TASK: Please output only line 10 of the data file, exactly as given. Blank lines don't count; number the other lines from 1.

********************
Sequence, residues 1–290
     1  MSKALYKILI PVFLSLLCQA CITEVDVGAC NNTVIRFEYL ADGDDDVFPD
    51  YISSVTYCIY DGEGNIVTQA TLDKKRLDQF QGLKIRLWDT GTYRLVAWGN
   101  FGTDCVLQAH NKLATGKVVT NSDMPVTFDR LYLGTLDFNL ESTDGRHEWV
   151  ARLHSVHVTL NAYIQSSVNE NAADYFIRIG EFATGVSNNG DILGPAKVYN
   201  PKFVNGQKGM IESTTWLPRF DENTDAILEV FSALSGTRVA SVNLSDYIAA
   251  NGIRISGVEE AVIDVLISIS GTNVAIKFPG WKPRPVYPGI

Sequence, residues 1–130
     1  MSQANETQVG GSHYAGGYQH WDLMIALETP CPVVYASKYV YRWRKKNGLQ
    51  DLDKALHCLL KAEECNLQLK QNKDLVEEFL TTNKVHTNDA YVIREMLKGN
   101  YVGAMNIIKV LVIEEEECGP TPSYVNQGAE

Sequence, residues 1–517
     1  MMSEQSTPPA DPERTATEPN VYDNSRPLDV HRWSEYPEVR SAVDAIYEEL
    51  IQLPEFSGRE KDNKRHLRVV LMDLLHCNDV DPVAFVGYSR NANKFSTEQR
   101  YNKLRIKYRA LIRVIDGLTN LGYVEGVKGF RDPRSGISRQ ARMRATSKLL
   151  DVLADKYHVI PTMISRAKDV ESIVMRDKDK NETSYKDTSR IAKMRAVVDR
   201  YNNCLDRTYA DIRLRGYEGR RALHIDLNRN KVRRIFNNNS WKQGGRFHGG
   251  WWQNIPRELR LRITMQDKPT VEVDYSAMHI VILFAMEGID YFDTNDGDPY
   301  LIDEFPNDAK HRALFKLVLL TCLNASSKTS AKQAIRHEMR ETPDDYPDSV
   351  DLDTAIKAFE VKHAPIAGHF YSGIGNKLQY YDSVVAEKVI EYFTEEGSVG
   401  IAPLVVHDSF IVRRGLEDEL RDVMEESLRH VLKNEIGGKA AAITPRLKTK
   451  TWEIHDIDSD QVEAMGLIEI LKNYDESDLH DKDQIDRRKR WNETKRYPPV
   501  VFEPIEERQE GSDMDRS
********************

    51  DLDKALHCLL KAEECNLQLK QNKDLVEEFL TTNKVHTNDA YVIREMLKGN